• Analysis procedures: specify the exact data analysis procedures, the algorithms and the assumptions to use for each savings monitoring report. Define the mathematical models used, their terms and the variables.
  • Energy prices: identify the prices that will be used to evaluate the monetary savings.
  • Meter features: specify the measuring points, the period, the duration, the measuring presence protocol, the calibration procedures, the data processing method, etc.
  • Responsibility for monitoring and record-ing of energy data, the variables, the static factors.
  • Expected precision related to measuring, data capture, data collection and analysis, the measurement uncertainty level.
  • Budget to define and resources required to determine the savings.
  • Report format with a model.
  • Quality warranty: indicate the quality assurance procedures for the savings monitoring reports and interim acti-vities.

Other advantages of IPMVP

For energy and atmospheric certification of LEED buildings, a credit is allocated to verify and optimize the building’s performance continuously with the IPMVP. Within the context of the carbon market, the ISO-14064 standard recognizes projects set up and monitoring according to the IPMVP to quantify the GHG reduction.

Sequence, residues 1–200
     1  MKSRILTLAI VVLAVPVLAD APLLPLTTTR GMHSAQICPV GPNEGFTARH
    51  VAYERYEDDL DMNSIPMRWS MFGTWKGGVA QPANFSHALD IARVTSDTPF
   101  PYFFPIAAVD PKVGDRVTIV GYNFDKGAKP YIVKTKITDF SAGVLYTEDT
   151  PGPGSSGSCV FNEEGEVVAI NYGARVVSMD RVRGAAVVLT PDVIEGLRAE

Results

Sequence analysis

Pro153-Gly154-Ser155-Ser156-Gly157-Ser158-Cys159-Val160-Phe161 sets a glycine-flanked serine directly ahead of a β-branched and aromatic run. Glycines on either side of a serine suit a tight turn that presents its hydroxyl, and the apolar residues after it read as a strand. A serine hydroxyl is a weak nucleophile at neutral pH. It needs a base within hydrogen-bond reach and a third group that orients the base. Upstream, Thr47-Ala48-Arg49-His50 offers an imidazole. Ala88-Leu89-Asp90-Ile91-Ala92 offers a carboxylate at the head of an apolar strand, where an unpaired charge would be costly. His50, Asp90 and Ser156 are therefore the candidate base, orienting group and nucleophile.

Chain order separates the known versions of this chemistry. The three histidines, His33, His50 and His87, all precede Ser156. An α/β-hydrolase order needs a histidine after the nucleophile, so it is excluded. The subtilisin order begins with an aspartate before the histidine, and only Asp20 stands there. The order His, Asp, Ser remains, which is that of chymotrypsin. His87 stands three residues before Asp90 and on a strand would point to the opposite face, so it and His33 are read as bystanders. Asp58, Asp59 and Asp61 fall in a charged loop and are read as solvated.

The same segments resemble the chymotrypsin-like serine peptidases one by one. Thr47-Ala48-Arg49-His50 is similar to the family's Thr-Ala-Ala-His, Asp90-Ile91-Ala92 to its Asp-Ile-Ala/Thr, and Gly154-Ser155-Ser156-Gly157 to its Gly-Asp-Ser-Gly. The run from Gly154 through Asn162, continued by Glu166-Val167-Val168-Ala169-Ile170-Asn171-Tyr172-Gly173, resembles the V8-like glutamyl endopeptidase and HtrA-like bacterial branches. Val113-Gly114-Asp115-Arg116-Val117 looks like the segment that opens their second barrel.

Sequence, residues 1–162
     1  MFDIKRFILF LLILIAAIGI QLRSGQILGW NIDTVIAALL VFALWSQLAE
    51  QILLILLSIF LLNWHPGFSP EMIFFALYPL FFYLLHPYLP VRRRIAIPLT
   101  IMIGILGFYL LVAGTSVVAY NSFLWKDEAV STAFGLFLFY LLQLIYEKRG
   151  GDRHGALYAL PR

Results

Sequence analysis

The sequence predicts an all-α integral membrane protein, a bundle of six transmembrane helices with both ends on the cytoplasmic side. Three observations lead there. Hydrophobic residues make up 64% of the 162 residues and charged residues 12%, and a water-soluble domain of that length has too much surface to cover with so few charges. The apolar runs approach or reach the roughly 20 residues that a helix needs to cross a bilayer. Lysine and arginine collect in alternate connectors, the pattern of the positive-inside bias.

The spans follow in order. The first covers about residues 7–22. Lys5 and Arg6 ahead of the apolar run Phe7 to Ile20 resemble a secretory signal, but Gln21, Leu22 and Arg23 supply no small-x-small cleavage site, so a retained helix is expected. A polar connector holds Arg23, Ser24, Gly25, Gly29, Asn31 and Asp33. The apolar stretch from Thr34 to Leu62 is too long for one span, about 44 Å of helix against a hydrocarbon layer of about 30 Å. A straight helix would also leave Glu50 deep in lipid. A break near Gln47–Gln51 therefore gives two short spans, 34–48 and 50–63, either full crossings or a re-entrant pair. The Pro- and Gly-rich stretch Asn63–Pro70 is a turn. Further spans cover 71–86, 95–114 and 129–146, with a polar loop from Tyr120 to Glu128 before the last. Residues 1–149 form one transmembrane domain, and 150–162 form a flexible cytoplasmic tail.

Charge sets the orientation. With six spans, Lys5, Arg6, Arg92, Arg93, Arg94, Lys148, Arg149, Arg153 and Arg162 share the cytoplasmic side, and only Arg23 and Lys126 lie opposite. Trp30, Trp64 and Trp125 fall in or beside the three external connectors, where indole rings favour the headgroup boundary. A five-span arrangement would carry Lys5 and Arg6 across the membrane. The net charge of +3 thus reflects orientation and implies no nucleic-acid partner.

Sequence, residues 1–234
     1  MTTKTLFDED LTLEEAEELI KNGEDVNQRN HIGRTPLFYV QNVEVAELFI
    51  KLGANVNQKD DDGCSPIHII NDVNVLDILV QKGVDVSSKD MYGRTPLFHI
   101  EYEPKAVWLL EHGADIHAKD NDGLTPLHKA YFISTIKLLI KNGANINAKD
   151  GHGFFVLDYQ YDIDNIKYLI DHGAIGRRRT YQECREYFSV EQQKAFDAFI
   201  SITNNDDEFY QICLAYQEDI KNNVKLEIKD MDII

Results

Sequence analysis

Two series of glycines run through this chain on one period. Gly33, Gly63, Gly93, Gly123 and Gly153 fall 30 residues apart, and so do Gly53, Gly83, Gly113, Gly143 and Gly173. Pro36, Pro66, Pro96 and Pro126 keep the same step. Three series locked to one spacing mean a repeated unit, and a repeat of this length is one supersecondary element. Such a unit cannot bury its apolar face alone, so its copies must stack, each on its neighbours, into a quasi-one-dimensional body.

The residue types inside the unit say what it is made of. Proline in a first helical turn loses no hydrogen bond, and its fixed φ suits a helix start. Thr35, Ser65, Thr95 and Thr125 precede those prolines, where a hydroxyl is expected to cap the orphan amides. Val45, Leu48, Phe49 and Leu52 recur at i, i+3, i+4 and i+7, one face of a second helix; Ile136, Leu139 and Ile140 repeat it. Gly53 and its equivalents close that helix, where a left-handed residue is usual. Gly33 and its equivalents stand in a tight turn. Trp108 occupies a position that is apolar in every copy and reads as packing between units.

The IPMVP is a framework of definitions and methods to evaluate consumption savings or energy demand correctly. The IPMVP guides the users in the development of the M & V plans, while allowing the necessary flexibility to be precise, complete, conservative, consistent, relevant and trans-parent. The IPMVP gives energy saving projects the required credibility and ensures that the savings are recognized at their fair value because they will have been measured and verified.

Guy Desrosiers, Eng., CEM, CMVP
Technical Advisor

References: www.evo-word.org
IPMVP, Concepts and Options for Determining Energy and Water Savings. Volume 1. CMVP Training Manual